The show was gripping because the good guys were likable, and cliff hangers at the end of each episode kept me hooked (a common tv strategy these days). But it's too bad the gang of bad guys killed all the Black folks. Their village was on the way to a town full of widows the bad guys sought to rampage. The Black folks were former Buffalo Soldiers, fierce fighters, and the bad guys thought to dispatch them first before they could come to the aid of the women down the road. When the bad guys rode into town the women put up a good fight by themselves (a few of them were already good shots, and the rest gave it their all by necessity). After a lot of shooting, the bad guys were getting the better of the women, but before it was too late, the two principal good guys show up and shoot the remaining bad guys, saving the day. It was satisfying to see that, but I would have rather seen the Black folks, the good guys, and the women fight together for the win: If we must distract ourselves with tales of heroism, let's spread out the heroism a little more.

15.

I can smell the residual smoke on my clothes from yesterday's work and being together. We sawed the dead tree, stacked the logs, and sat on the porch sharing words and thoughts. The sun bright but the air still cool with a vigorous breeze. The fire burning in the iron container in the back yard could not force away the cold. It did not need to: heat and cold touching the skin simultaneously, unopposed by one another, wind and fire together. We did not cook over the fire (we ordered pizza for dinner). The fire was something we started, stoked, and watched. From that came words, laughter, camaraderie.

 

It is Easter Sunday.

16.

Sluggishness this morning. Efficiency and itineraries be damned. It usually comes from poor sleep. But now the cause is hard to distinguish from feelings permeating the pandemic: the exhaustion of those deemed essential; the sick, the dying, the dead coming to an unwelcome rest.

 

Maybe I'm just sad.

 

Rest is not the absence of motion but the relinquishing of will. The body at rest feels the breath, the atmosphere exchanging within.

 

A morning nap, laced with bits of guilt and disappointment, brings me to words that insist upon themselves and testify to movements beyond my borders.

17.

Some things are blooming now: forsythia, daffodils, tulips, dogwoods. It is not yet warm, but spring persists. Birds are numerous and rambunctious.

 

People are getting impatient with the imposed immobility. Now to do nearly nothing is what we are called to do. It's how we help.

 

When I was a child, Granny and Pawpaw would occasionally cross the road to eat at Cook's Restaurant. They were friends with the owners, their neighbors, Bob and Norma Jean. The restaurant was attached to their gas station and convenience store. The entire complex was indeed a convenience, and a respite, for the local residents of the rural area. Pawpaw would always drink coffee, even at supper. At the end of the meal he would usually say: I'd like to sit and finish my coffee. Which meant that he wanted to linger. I would then go to the store and play pinball or Pac Man. Granny and Pawpaw would remain at the table and talk or be silent. Once they were invited by friends to three tables pushed together forming a place of spontaneous gathering. They drank coffee and ate pie till nearly 9:00pm, an hour past closing. I was given extra quarters.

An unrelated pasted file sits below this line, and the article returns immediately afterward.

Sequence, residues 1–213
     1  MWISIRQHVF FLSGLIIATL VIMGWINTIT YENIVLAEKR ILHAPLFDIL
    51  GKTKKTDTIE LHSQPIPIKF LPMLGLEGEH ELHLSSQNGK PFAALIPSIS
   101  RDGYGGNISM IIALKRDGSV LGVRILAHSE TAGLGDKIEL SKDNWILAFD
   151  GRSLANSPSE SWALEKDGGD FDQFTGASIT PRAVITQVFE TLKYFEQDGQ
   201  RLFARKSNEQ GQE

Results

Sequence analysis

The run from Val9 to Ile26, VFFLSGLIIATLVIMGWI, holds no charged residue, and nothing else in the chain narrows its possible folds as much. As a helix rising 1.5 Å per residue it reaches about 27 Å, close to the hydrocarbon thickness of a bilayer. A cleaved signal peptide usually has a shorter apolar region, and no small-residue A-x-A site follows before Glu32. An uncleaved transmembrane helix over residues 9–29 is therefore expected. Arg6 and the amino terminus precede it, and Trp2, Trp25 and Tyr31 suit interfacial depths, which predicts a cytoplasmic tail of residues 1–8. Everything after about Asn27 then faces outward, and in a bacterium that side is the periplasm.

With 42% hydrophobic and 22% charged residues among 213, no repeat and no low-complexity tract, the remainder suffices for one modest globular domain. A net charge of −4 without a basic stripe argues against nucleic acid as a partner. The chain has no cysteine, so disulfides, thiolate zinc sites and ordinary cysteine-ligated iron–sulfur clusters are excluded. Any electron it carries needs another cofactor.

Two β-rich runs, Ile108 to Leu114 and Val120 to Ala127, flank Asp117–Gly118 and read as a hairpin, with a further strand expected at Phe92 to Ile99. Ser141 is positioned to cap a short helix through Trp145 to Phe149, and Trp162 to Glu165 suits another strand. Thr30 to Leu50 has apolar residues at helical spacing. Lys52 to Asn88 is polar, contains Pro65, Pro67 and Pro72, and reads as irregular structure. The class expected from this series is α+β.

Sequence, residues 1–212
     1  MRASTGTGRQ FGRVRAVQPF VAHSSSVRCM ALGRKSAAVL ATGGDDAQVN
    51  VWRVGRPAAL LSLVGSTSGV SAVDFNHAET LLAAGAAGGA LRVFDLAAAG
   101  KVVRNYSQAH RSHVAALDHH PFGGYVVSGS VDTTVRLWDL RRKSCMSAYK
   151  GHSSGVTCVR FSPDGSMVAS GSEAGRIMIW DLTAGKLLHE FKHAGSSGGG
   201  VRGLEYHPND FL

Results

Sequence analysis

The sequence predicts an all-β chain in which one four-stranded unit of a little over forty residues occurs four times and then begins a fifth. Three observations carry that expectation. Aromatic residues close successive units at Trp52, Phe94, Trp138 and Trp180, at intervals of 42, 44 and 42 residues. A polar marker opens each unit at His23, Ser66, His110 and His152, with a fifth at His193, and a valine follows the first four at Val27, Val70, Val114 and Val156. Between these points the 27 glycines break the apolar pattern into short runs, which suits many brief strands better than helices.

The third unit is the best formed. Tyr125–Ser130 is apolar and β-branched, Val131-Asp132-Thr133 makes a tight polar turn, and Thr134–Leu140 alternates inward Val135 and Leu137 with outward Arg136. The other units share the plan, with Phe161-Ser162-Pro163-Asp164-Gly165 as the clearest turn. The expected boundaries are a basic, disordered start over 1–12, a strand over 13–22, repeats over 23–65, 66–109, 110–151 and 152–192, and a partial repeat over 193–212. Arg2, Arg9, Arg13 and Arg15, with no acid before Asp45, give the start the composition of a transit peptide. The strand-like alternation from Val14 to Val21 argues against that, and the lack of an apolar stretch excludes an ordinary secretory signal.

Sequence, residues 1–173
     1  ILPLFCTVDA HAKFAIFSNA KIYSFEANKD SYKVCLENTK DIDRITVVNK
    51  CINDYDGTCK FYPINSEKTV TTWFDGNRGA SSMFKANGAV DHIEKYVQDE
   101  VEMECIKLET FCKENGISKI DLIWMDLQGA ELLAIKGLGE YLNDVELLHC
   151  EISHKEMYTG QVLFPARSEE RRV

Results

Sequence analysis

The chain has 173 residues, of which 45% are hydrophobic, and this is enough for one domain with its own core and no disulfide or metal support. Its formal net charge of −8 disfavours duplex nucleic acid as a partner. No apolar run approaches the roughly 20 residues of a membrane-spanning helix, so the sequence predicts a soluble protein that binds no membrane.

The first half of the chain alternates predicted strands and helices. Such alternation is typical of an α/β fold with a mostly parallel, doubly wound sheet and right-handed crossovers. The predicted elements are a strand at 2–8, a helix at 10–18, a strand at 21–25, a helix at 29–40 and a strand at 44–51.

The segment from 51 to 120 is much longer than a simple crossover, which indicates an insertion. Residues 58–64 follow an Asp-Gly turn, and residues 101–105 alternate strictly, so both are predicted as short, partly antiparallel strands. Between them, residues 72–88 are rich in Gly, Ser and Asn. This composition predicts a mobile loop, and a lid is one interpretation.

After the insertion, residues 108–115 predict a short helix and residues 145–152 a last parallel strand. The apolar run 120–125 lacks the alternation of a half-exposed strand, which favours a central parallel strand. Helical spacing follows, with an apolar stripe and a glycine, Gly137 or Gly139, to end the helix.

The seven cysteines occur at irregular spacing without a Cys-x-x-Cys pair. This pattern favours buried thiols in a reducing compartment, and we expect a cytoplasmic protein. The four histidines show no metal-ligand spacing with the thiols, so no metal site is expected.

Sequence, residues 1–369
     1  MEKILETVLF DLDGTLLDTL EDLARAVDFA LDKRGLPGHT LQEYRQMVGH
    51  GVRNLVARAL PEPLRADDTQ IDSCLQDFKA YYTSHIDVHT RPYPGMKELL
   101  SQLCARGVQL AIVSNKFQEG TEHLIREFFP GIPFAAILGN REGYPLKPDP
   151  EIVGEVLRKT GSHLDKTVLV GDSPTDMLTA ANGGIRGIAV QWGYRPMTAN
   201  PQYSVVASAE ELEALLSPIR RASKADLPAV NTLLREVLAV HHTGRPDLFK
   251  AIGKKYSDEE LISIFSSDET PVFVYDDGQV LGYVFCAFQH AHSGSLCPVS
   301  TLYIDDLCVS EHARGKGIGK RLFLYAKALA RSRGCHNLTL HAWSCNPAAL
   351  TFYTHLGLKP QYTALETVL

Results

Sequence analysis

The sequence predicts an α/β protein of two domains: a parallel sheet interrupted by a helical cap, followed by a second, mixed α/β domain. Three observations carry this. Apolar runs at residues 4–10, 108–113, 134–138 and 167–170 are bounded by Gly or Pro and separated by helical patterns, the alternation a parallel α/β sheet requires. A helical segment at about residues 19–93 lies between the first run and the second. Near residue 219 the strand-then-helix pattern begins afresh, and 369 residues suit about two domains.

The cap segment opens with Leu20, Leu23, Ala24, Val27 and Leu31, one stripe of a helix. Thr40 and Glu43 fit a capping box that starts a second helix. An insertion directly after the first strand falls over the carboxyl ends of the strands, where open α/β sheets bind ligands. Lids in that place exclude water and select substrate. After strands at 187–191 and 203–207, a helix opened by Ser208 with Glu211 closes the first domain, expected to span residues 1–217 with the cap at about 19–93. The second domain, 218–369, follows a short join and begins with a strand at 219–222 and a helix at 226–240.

(Archie would dwell at the Temple of Zeus Cafe, lingering and talking.)

 

Now that was good living.

18.

A steady rain falls now with a few rumbles of thunder--the first of the season. The raindrops on my window distort my vision. I can see no creatures in the yard or in the brambles. There might be none. They might all be shacked up in their nests and dens or under some brush to get out of the weather. The view looks like an impressionist painting, all blurry but in a lively, not scary, way. The pine trees sway just a little.

 

The days pass neither slowly nor quickly. Yesterday I accomplished almost nothing. Today a little more. It has been almost a week since I have seen anyone.

 

I could just sit here drinking my coffee and watch this ugly spring unfold. That would be something.

 

Sometimes the exchange in a conversation is not an exchange of words but a joining of presence. The words might be one-sided, as when one participant is more loquacious. That can be rude and annoying. But sometimes one person just needs to spill; maybe they have just been dumped or had a death in the family. So they need to let go of their words and all that goes with them, and the role of a good friend (or a good conversation partner) is to just listen, receive the words and let them reverberate into the world. The reception is an acknowledgement of the other person, and thus a giving that makes an exchange. Poetry can be this way too. I offer these words, but I hear none from you (at least not now). And that reception lights their resonance. That is what I am after.

19.

I'm back. I took my eye off the ball for a few days (writing something else) and found I lost the handle of this poem. Its movements and rhythms were not available to me. All the words felt forced. As if the poem were scolding my infidelity.